Further south, NATO’s strategic member Turkey is Gazprom’s second largest European market, and its Russian gas imports have consistently grown. On the back of this relationship, the Kremlin has been trying to woo Erdogan and isolate Turkey from its Western NATO and EU allies.
Without Russian gas, many of these ties would weaken, and European states would enjoy greater political autonomy.
The exports of U.S. LNG would serve to strengthen Washington’s global leadership and serve as a source of leverage in the emerging geopolitical competition for influence with rival powers such as China and Russia.
Whoever supplies the European Union will have substantial political and economic influence over the continent, including in Europe’s key industrial nations such as Germany and in the politically and economically contested regions such as Ukraine.
Going forward the United States can expect increasing competition in the global gas markets from traditional LNG suppliers such as Qatar and Australia and from emerging Russian LNG suppliers such as Novatek, as well as continued Gazprom efforts to secure their key markets such as Germany and Turkey via Nord Stream 2 and the Turk Stream pipeline projects, respectively. The United States would be wise to take advantage of its current favorable position in the markets rather than leave these open to its competitors.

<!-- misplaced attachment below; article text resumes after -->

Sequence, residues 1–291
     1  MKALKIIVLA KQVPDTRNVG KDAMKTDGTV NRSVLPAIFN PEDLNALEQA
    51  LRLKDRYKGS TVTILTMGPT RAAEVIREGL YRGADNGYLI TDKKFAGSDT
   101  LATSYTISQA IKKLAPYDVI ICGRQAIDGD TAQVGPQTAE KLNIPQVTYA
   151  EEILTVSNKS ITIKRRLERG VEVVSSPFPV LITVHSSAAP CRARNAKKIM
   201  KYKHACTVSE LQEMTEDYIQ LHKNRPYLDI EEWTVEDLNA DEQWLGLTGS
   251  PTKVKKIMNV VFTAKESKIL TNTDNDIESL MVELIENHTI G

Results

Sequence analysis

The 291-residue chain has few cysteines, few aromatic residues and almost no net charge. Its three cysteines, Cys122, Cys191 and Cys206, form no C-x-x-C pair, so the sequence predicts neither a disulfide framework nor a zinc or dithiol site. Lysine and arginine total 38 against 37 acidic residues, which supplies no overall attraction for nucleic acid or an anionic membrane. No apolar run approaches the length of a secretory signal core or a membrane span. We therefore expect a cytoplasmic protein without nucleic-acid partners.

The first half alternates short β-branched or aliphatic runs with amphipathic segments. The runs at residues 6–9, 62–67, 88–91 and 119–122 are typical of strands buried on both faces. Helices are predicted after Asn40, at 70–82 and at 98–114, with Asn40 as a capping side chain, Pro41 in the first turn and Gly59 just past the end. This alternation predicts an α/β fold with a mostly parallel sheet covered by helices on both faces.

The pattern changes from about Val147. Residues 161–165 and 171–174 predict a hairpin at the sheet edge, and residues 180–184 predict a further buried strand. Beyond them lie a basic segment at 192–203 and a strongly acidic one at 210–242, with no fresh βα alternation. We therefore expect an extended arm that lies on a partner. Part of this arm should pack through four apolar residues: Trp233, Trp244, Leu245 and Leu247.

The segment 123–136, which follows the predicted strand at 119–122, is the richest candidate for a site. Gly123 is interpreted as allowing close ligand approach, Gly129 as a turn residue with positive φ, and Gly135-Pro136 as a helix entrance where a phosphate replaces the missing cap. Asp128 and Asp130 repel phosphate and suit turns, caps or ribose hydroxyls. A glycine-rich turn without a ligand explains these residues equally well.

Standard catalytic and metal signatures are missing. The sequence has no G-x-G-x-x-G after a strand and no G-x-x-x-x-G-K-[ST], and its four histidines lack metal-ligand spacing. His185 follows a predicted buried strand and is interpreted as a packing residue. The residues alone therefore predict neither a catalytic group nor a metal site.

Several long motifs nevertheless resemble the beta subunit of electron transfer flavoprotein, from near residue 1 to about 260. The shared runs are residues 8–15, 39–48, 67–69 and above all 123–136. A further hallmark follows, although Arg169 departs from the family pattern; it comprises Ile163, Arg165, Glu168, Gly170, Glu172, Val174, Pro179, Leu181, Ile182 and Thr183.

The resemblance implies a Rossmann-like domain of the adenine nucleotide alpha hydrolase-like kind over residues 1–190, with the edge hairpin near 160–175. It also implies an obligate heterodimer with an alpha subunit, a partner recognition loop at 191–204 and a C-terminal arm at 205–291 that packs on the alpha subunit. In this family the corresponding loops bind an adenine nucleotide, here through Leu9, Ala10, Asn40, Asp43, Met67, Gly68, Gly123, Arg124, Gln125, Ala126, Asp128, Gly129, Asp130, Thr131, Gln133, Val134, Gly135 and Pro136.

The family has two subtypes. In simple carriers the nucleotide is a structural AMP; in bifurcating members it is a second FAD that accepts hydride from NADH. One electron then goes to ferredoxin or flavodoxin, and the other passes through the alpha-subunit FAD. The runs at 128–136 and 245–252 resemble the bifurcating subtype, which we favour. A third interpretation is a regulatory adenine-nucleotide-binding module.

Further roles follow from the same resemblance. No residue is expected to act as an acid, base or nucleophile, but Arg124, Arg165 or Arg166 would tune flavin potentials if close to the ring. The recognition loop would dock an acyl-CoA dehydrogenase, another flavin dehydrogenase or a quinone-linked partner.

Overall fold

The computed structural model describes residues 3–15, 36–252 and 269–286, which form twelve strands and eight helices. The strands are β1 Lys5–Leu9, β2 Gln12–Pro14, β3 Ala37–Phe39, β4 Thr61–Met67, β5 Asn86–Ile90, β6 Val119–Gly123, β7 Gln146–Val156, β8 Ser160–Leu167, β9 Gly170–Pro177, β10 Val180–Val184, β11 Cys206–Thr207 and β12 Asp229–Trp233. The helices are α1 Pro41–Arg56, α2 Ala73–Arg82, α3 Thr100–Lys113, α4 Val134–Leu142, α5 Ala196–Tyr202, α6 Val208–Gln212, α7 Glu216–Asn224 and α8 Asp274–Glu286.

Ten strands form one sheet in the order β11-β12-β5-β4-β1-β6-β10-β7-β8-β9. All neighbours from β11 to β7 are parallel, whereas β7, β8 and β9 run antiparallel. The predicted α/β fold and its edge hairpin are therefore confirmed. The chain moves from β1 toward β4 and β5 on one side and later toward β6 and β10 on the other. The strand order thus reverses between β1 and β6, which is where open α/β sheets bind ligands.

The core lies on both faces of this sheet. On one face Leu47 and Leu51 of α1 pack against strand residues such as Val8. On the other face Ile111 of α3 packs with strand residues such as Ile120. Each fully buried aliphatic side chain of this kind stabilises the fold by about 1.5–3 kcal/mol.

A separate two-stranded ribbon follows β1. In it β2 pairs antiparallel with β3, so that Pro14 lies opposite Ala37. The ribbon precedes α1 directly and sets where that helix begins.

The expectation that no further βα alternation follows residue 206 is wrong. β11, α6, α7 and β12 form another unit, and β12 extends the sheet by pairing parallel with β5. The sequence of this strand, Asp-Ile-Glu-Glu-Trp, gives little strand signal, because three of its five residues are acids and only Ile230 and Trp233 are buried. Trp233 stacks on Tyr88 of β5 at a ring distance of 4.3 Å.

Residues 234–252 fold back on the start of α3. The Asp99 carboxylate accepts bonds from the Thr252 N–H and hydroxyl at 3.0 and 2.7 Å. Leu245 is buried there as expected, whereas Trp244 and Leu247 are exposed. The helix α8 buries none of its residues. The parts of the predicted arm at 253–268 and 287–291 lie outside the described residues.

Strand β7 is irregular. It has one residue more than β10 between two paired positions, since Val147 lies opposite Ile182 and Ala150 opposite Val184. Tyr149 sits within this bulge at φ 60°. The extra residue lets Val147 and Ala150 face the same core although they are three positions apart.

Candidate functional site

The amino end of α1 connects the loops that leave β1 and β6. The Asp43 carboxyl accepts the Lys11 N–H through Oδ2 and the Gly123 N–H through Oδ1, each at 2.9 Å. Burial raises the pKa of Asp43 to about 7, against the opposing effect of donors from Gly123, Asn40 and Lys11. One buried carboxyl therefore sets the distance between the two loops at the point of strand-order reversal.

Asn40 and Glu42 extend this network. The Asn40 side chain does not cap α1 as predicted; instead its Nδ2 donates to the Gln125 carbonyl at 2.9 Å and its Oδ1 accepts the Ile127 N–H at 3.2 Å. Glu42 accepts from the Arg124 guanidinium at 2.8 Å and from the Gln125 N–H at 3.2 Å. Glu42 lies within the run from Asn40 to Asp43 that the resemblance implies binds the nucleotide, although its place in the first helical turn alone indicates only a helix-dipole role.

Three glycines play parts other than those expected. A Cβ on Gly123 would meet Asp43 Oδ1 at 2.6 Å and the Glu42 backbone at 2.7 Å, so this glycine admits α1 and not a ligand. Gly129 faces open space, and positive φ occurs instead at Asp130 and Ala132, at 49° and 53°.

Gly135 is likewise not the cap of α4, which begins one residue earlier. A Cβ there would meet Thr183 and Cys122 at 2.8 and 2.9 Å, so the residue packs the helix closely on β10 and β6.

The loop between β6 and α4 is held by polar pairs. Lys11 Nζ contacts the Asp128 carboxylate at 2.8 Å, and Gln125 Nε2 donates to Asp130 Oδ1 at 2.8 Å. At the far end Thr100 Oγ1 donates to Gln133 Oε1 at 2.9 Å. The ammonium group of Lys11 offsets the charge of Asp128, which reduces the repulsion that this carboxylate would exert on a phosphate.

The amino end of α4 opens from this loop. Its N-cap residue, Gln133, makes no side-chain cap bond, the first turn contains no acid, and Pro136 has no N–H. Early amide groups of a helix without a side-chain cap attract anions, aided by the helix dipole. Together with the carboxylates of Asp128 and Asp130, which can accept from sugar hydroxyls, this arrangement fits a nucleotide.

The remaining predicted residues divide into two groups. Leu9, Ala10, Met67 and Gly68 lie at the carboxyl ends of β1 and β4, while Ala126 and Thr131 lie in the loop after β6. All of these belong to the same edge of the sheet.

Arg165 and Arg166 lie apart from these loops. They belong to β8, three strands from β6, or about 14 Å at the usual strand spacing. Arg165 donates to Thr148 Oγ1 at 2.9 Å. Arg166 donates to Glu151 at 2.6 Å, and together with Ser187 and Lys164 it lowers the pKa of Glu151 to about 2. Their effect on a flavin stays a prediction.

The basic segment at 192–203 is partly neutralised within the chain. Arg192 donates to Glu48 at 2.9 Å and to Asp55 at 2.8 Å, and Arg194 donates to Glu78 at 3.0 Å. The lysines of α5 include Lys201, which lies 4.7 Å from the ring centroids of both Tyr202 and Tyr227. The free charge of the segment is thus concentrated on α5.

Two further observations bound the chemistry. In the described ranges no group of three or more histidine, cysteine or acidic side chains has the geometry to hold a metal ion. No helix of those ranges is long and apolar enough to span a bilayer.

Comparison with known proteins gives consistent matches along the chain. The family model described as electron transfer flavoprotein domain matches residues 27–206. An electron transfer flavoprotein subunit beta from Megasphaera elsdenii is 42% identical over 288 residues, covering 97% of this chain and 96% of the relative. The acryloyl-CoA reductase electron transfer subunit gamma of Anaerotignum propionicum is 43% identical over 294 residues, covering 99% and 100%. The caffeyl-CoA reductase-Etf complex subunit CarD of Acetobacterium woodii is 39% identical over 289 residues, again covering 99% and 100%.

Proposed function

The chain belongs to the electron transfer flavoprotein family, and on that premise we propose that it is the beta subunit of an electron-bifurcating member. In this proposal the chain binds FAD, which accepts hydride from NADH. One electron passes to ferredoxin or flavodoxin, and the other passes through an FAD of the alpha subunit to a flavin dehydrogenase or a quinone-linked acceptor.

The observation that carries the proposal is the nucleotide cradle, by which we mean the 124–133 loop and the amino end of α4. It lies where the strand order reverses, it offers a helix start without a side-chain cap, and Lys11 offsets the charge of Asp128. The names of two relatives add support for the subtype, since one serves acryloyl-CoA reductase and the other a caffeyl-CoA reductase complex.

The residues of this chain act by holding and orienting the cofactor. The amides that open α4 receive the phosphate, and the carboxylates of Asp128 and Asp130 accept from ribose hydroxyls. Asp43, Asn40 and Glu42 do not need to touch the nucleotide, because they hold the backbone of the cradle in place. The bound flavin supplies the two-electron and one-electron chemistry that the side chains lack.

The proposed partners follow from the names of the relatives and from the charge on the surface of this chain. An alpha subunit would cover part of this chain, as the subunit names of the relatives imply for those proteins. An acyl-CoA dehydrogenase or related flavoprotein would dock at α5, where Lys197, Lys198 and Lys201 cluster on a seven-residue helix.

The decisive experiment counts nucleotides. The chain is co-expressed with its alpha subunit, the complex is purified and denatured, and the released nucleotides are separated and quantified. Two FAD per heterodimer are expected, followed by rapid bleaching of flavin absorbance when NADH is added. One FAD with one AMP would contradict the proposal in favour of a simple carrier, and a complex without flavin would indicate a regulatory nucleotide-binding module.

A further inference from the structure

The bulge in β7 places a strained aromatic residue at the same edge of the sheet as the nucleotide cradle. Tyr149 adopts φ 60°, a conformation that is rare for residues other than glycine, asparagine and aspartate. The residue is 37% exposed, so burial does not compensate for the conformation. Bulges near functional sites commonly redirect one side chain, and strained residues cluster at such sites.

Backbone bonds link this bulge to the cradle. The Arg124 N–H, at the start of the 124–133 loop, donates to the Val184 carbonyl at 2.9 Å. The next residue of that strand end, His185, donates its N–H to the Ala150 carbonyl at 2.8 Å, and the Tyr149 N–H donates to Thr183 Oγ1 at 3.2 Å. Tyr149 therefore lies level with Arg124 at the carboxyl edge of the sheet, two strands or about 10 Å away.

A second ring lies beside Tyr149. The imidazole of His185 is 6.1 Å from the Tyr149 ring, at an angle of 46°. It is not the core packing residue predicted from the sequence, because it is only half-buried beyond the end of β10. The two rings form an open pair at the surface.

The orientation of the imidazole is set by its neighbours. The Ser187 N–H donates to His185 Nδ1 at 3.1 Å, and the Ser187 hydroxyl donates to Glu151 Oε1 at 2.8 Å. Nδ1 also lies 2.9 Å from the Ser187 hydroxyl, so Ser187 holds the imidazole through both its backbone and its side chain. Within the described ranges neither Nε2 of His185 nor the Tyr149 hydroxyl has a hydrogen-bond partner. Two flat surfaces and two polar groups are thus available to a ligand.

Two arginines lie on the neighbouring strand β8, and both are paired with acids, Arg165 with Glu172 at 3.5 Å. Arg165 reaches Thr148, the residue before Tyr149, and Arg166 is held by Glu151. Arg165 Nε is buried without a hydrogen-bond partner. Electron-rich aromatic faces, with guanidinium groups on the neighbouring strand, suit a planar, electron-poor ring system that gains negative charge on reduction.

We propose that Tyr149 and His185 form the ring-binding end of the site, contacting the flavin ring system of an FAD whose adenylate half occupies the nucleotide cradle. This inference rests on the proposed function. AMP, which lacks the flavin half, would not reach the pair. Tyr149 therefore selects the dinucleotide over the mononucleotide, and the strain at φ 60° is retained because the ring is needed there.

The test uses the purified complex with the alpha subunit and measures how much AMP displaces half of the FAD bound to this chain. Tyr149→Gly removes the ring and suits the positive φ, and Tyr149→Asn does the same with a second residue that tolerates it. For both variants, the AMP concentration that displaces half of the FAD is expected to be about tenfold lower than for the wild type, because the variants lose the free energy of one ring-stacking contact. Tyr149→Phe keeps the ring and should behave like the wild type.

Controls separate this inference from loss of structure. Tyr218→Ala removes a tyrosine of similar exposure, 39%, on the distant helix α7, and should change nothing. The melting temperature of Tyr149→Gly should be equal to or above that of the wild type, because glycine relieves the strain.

Today the U.S. government is weighing the difficult and important decision of how far it is prepared to go to block the Nord Stream 2 pipeline. During these times of diplomatic tension it is not easy to pursue sanctions against a project where European energy companies are taking part. But Washington should not hesitate.
Unfortunately what is currently at play in some European countries is a mix of reflexive anti-Americanism, short-term thinking, and business capture. Sanctions may be among the most effective tools remaining to stop a project that has long-term negative strategic and security implications for the United States and its allies. Here Washington must ask itself: What is the real cost of the European Union’s freedom, independence and democracy?